CoMFA analyses of C-2 position salvinorin A analogs at the kappa-opioid receptor provides insights into epimer selectivity

κThe highly potent and kappa-opioid (KOP) receptor-selective hallucinogen Salvinorin A and selected analogs have been analyzed using the 3D quantitative structure-affinity relationship technique Comparative Molecular Field Analysis (CoMFA) in an effort to derive a statistically significant and predictive model of salvinorin affinity at the KOP receptor and to provide additional statistical support for the validity of previously proposed structure-based interaction models. Two CoMFA models of Salvinorin A analogs substituted at the C-2 position are presented. Separate models were developed based on the radioligand used in the kappa-opioid binding assay, [(3)H]diprenorphine or [(125)I]6 β-iodo-3,14-dihydroxy-17-cyclopropylmethyl-4,5 α-epoxymorphinan ([(125)I]IOXY). For each dataset, three methods of alignment were employed: a receptor-docked alignment derived from the structure-based docking algorithm GOLD, another from the ligand-based alignment algorithm FlexS, and a rigid realignment of the poses from the receptor-docked alignment. The receptor-docked alignment produced statistically superior results compared to either the FlexS alignment or the realignment in both datasets. The [(125)I]IOXY set (Model 1) and [(3)H]diprenorphine set (Model 2) gave q2 values of 0.592 and 0.620, respectively, using the receptor-docked alignment, and both models produced similar CoMFA contour maps that reflected the stereoelectronic features of the receptor model from which they were derived. Each model gave significantly predictive CoMFA statistics (Model 1 PSET r2=0.833; Model 2 PSET r2=0.813). Based on the CoMFA contour maps, a binding mode was proposed for amine-containing Salvinorin A analogs that provides a rationale for the observation that the β-epimers (R-configuration) of protonated amines at the C-2 position have a higher affinity than the corresponding α-epimers (S-configuration).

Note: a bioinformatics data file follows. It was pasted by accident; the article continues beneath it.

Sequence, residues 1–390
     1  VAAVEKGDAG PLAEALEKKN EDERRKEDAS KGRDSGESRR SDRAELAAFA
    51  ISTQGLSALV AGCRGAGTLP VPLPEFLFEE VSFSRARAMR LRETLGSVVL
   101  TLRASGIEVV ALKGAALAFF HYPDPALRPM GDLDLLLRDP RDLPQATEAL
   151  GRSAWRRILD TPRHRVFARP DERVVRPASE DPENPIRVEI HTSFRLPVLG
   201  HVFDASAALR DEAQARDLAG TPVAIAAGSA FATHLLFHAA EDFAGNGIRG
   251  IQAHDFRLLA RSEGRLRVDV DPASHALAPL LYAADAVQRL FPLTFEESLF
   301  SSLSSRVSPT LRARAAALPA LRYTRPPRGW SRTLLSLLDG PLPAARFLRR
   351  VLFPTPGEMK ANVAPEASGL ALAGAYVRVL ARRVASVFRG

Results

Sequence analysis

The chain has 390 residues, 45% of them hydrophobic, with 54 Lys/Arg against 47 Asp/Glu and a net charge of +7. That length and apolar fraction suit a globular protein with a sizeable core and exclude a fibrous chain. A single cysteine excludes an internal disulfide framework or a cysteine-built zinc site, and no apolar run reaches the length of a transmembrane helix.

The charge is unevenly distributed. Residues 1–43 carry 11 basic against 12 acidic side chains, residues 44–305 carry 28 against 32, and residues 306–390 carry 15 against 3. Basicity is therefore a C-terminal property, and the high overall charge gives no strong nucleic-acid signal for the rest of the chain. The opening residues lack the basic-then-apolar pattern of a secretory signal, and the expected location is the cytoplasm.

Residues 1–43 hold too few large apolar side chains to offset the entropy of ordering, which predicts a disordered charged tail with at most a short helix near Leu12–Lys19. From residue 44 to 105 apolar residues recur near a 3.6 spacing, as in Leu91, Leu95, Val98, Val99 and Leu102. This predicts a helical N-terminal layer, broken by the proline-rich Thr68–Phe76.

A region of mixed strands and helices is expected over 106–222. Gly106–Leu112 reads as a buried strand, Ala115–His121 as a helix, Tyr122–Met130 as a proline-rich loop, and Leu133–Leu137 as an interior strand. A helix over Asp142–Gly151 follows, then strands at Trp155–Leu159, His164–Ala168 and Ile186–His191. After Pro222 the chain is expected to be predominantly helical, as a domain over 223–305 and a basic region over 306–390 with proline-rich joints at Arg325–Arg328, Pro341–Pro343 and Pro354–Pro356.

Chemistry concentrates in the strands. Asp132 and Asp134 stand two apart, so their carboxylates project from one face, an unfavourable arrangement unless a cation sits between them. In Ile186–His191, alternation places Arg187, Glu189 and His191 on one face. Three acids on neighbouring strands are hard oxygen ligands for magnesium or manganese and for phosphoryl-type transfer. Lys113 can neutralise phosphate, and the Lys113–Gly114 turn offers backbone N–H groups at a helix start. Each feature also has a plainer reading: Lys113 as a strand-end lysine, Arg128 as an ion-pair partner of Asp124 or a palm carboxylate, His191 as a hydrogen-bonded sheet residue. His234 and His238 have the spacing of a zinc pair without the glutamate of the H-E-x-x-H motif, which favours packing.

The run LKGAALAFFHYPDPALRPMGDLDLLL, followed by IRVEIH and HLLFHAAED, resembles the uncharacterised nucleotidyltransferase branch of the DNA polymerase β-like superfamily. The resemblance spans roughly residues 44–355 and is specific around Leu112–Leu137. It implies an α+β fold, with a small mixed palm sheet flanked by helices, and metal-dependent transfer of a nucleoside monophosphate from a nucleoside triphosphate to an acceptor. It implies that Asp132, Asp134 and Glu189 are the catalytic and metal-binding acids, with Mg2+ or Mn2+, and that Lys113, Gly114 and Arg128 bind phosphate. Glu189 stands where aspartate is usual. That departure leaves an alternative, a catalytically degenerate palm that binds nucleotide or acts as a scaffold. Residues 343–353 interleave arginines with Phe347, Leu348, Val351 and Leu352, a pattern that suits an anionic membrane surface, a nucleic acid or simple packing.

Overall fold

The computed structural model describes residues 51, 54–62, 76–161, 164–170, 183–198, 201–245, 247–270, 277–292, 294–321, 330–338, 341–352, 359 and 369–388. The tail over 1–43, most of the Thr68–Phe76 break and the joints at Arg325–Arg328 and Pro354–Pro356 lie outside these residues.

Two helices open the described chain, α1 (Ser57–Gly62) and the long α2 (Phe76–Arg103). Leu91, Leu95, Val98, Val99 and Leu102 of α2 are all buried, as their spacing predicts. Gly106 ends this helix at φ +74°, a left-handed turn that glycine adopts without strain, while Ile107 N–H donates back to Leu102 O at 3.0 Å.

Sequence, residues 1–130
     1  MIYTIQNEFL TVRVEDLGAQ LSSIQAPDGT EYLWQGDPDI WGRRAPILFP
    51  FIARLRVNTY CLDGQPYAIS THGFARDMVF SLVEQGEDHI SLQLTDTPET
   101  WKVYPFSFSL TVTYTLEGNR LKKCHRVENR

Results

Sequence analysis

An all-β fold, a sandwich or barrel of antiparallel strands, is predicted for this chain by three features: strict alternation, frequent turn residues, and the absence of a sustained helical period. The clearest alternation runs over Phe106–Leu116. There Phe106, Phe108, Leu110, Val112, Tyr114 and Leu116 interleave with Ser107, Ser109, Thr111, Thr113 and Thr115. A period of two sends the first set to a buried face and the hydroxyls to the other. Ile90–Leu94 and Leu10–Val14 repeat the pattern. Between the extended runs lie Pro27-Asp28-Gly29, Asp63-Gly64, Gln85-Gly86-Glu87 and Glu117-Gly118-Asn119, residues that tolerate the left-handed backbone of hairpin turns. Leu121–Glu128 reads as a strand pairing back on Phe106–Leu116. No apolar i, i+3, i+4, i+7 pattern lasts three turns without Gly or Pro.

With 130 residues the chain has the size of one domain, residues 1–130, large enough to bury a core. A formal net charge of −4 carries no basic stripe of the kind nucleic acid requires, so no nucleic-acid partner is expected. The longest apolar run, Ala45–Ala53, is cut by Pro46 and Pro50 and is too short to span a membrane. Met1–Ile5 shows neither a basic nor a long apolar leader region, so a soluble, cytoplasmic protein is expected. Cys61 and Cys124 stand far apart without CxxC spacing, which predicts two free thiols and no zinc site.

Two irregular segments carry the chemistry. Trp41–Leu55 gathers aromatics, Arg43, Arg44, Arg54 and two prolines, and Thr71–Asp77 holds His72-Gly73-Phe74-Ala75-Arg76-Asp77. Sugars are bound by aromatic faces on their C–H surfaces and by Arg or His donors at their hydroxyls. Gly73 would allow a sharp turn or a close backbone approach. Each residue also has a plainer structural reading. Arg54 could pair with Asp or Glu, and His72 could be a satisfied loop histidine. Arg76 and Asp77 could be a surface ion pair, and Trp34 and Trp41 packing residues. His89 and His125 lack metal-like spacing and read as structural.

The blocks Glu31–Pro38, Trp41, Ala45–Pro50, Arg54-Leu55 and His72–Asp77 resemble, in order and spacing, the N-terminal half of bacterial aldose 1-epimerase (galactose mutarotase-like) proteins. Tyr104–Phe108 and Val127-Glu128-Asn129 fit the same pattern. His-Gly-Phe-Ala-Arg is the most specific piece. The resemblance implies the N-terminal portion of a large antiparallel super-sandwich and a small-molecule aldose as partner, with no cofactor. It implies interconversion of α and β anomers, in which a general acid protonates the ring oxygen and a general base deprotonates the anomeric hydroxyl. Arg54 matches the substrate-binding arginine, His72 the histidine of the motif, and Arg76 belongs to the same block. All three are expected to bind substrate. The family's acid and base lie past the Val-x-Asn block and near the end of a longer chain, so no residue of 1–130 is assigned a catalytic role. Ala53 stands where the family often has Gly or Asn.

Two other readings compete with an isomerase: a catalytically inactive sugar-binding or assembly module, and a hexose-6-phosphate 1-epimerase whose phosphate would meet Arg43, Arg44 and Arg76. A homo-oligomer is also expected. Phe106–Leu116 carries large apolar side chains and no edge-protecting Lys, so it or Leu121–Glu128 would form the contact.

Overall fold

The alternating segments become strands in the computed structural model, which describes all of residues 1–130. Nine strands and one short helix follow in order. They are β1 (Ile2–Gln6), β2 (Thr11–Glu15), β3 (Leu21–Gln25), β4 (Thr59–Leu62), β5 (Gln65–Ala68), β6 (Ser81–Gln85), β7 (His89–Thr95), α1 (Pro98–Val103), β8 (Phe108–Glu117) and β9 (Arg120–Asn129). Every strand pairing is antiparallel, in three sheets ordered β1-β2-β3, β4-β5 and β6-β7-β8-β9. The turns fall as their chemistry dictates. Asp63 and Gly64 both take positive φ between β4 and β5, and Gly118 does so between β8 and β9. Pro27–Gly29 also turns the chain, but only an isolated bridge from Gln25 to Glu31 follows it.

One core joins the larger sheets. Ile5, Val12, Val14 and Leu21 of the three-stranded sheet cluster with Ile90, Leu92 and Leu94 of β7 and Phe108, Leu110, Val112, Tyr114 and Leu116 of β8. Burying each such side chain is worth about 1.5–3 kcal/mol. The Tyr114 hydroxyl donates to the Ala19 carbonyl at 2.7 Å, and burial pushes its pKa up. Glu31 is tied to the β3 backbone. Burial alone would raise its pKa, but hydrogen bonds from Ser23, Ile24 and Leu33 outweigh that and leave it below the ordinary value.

Donna L. McGovern, Philip D. Mosier, Bryan L. Roth, Richard B. Westkaemper
April 1, 2010
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